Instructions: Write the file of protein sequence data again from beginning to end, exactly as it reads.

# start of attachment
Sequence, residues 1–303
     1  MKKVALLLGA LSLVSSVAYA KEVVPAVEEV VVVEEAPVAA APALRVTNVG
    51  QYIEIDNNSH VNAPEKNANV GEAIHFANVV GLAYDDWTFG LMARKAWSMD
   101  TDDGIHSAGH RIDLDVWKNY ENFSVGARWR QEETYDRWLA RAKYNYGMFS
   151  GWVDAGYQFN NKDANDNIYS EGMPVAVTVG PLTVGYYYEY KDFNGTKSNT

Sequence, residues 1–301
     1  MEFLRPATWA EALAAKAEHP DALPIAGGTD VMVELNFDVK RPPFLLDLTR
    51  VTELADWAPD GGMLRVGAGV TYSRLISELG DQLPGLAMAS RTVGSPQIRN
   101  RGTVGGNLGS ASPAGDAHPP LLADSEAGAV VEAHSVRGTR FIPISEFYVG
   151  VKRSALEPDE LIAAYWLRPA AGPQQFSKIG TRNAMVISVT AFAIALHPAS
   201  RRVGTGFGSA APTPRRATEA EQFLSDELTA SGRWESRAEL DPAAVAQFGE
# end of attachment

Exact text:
Sequence, residues 1–303
     1  MKKVALLLGA LSLVSSVAYA KEVVPAVEEV VVVEEAPVAA APALRVTNVG
    51  QYIEIDNNSH VNAPEKNANV GEAIHFANVV GLAYDDWTFG LMARKAWSMD
   101  TDDGIHSAGH RIDLDVWKNY ENFSVGARWR QEETYDRWLA RAKYNYGMFS
   151  GWVDAGYQFN NKDANDNIYS EGMPVAVTVG PLTVGYYYEY KDFNGTKSNT

Sequence, residues 1–301
     1  MEFLRPATWA EALAAKAEHP DALPIAGGTD VMVELNFDVK RPPFLLDLTR
    51  VTELADWAPD GGMLRVGAGV TYSRLISELG DQLPGLAMAS RTVGSPQIRN
   101  RGTVGGNLGS ASPAGDAHPP LLADSEAGAV VEAHSVRGTR FIPISEFYVG
   151  VKRSALEPDE LIAAYWLRPA AGPQQFSKIG TRNAMVISVT AFAIALHPAS
   201  RRVGTGFGSA APTPRRATEA EQFLSDELTA SGRWESRAEL DPAAVAQFGE